For the most part, regulators give registrants some leeway in managing their billing practices, viewing them as a civil matter. However, where the billing is without prior explanation, misleading, dishonest, or abusive, regulators will treat the matter as potential misconduct. Jinnah v Alberta Dental Association and College, 2022 ABCA 336 (CanLII), is such a case.
Dr. Jinnah (the registrant) was disciplined for various non-clinical aspects of her practice, including billing issues and communications with a patient. The regulator reprimanded the registrant, ordered her to complete a philosophy course on ethics, and to pay the hearing costs totalling $37,500 (along with one-quarter of the internal appeal panel costs).
The Court accepted that the regulator had the authority to regulate the business practices of registrants “to ensure that patients are informed in plain English of the dental services that their dentists have performed and the cost of these services, have their questions about their bills answered politely, promptly and accurately, and are, in general, treated fairly and with respect.”
The Court also accepted that registrants were responsible for the business conduct of their staff:
The fact that dentists invariably delegate business tasks – scheduling and billing, for example – to others in their offices does not insulate the dentist from the responsibility for the manner in which these workers discharge these assignments. It simply means that dentists must provide their staff with the training and supervision needed to reduce to a sufficiently low degree the risk that their behavior will adversely affect the dentist’s reputation.
However, the Court found that the evidence did not support the findings that the registrant in this case misled the patient about her fees or failed to provide detailed invoices. The Court also found that the tone of the registrant’s demand letters, while aggressive, did not amount to unprofessional conduct. The Court also set aside the finding that it was unprofessional for the registrant to increase the account by 50% if it were to be sent to a collection agency. The Court said that this was an acceptable practice for creditors at common law and thus was not oppressive. These determinations by the Court suggest a less deferential stance by an appellate court than what regulators usually see, at least in Ontario.
The Court did uphold the misconduct finding where the registrant threatened to sue the patient for defamation for making a complaint to the regulator. The Court said:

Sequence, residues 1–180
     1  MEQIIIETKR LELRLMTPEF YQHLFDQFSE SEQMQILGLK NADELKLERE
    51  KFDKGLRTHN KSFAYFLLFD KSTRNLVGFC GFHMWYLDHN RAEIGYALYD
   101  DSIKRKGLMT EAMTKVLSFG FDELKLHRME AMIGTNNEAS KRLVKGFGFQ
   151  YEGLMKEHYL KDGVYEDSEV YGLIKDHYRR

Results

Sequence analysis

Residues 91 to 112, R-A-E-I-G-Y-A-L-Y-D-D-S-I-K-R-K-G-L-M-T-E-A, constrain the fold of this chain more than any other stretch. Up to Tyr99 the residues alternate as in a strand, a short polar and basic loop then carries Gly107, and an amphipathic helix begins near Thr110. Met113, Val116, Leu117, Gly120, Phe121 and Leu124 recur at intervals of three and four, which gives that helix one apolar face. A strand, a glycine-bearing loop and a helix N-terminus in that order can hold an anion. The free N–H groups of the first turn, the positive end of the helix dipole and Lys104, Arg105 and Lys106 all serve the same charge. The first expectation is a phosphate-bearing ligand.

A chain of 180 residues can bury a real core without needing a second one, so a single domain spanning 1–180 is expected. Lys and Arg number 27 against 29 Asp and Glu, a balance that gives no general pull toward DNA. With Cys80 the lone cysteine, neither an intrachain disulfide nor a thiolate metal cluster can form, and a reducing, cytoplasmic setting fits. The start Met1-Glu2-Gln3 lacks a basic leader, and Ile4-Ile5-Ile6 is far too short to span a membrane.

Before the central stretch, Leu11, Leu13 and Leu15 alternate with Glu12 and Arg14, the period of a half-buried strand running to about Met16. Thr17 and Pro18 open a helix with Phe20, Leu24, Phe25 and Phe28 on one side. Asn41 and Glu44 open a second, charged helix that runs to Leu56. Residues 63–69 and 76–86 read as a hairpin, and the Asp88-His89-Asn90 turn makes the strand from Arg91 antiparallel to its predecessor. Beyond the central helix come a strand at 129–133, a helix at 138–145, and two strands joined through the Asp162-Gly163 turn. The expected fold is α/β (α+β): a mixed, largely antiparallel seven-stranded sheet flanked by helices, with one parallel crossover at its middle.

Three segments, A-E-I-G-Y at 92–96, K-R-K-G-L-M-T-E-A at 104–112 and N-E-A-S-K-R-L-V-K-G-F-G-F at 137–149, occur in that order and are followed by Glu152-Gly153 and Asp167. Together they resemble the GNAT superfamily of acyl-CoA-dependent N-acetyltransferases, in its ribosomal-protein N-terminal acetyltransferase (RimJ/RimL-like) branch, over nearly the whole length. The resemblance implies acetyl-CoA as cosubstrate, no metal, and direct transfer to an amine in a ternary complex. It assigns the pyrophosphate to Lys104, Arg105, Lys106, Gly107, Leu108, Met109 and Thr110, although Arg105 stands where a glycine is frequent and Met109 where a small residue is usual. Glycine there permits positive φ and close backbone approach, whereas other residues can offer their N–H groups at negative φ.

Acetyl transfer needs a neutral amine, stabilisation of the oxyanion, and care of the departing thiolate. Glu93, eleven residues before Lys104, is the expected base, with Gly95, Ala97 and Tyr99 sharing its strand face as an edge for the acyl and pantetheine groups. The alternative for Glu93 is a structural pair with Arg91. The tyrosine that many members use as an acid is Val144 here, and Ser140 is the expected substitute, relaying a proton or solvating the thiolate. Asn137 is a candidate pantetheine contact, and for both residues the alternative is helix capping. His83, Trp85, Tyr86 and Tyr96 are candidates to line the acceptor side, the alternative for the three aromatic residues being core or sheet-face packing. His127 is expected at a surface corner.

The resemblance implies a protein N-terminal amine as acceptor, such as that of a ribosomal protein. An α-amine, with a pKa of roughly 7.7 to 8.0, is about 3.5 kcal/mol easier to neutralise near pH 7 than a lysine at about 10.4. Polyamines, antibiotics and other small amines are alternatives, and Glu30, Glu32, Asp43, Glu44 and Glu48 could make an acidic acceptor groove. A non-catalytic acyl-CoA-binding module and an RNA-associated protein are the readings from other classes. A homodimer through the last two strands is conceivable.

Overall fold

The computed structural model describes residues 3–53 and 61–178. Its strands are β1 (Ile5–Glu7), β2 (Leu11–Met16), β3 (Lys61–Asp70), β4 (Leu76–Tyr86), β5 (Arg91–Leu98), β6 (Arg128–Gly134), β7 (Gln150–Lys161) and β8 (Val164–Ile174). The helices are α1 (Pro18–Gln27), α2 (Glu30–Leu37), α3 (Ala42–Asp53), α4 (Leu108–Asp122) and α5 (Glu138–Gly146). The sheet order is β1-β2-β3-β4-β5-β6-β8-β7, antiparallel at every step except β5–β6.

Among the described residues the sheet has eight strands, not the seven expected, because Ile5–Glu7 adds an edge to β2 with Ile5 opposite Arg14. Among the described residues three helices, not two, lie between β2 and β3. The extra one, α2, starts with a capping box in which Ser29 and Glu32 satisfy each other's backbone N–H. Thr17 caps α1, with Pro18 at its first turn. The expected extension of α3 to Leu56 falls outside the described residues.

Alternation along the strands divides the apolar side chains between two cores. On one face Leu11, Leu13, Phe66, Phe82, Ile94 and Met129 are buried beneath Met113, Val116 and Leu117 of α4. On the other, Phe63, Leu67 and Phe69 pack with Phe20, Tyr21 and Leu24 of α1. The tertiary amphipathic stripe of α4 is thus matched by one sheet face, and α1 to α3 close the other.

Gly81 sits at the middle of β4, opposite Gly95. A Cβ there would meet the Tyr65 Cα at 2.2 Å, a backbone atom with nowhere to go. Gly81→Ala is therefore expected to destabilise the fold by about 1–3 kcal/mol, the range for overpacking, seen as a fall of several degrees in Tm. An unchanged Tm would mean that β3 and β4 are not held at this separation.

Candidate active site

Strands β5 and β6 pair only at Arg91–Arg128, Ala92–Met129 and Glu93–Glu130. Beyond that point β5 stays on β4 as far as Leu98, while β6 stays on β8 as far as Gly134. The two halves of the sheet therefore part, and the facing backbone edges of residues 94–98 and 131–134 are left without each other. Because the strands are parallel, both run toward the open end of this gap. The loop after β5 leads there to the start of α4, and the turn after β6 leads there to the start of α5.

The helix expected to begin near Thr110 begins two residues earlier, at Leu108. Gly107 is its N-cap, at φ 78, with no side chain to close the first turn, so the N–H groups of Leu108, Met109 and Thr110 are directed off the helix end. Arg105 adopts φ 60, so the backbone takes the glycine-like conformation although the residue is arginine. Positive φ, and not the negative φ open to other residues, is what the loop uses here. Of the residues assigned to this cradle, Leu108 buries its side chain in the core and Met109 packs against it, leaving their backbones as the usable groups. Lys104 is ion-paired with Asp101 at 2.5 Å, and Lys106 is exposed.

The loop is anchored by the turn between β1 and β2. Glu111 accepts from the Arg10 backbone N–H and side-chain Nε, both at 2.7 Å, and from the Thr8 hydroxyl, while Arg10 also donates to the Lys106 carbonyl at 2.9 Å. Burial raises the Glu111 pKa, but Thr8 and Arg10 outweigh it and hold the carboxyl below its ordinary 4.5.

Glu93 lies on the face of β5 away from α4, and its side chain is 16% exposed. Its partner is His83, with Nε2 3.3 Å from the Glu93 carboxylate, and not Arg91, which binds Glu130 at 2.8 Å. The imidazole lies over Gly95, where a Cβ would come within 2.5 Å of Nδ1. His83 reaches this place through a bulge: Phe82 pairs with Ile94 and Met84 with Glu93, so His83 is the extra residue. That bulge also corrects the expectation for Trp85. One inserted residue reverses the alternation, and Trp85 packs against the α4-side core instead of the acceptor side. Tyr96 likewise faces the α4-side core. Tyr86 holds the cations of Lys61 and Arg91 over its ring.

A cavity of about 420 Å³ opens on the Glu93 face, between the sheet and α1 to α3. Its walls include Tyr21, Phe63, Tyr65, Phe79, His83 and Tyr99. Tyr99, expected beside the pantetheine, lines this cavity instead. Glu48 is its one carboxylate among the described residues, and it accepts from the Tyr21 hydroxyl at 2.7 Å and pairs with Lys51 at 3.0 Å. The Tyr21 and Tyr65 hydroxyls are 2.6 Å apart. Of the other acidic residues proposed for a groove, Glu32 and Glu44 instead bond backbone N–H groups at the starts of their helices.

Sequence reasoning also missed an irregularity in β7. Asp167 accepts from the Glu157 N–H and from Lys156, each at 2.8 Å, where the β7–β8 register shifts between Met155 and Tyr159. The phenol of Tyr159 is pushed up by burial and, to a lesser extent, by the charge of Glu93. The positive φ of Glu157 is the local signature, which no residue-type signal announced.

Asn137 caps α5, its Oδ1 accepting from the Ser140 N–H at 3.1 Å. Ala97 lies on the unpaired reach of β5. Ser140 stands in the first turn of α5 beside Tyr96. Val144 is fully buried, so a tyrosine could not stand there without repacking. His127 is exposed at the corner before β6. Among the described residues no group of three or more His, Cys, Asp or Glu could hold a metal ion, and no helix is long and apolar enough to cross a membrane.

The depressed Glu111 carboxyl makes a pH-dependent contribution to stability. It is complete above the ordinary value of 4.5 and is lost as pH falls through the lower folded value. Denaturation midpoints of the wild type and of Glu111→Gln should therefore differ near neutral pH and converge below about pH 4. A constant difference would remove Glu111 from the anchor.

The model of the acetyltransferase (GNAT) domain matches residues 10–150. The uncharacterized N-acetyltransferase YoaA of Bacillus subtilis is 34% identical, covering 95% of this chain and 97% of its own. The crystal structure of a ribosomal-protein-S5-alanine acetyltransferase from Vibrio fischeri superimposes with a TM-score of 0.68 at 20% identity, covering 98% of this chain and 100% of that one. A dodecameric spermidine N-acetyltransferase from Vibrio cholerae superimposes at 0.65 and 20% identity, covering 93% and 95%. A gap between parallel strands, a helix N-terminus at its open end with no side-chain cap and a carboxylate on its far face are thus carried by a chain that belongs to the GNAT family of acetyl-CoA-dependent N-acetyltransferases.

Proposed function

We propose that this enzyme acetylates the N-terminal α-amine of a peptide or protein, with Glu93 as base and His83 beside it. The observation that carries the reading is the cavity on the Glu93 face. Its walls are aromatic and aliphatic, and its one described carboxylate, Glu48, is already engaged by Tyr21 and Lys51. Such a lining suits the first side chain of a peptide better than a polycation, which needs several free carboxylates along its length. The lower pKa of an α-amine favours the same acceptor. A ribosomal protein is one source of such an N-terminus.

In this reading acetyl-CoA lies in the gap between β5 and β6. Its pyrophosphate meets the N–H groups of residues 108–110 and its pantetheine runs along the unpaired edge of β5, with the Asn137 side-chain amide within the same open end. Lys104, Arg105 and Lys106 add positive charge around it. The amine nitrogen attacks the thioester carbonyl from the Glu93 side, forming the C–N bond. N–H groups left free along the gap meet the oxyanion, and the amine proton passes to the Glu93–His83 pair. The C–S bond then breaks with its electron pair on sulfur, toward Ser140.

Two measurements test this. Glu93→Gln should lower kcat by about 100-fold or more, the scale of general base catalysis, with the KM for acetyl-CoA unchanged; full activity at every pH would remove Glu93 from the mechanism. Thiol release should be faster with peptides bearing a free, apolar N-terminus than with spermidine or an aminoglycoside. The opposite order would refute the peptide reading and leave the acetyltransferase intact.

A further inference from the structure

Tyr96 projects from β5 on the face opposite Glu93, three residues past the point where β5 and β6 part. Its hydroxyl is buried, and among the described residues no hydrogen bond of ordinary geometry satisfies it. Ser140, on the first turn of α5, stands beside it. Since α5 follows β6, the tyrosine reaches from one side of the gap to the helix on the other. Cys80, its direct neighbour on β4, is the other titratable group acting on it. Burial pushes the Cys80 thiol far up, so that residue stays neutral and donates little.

Obstructing the complaint process is conduct that harms the integrity of the profession and therefore constitutes unprofessional conduct. … The primary goal of the College is to protect the public. The existence of an effective complaint process is a crucial part of maintaining the integrity of the profession, and therefore protecting the public. Protecting the complaint process is an important part of the College’s obligation to ensure that professional standards of conduct are complied with. [citations omitted]
However, because the registrant appeared not to have known that such a threat was unprofessional, the Court supported the sanction of only a reprimand. The Court set aside the order to complete a philosophy course on the basis that the registrant would learn all she needed to know (e.g., about threatening legal action against a complainant) through the hearing process.
The Court set aside the costs order and established a new framework for costs for health regulators in Alberta. The Court stated that costs were not intended to be punitive and should not be awarded in every case. The Court indicated that costs should not be ordered against a registrant unless one of the following “compelling reasons” exists:
- The registrant engages in serious unprofessional conduct,
- The registrant is a serial offender.
- The registrant fails to cooperate with the regulator, or
- The registrant engages in hearing misconduct.
The Court said that the profession as a whole should bear the costs in most cases of unprofessional conduct. The Court discussed at length the rationale for this approach including encouraging regulators to carefully screen concerns before referring them to discipline and “levelling the playing field”. The issue of costs was returned to the regulator for reconsideration. This approach reinforces an earlier decision by the same Court in: Dr. Ignacio Tan III v Alberta Veterinary Medical Association, 2022 ABCA 221 (CanLII) that similarly scrutinized a costs award made against a registrant. Again, this approach is not consistent with the approach taken by courts in Ontario. See, for example: Walia v. College of Veterinarians of Ontario, 2021 ONSC 4023 (CanLII).
Where courts in different provinces take different approaches on similar issues, regulators are in a difficult position. Over time the approaches do tend to reconcile either by courts reflecting on the different approaches to the issue or through guidance from the Supreme Court of Canada. However, in the interim regulators face uncertainty.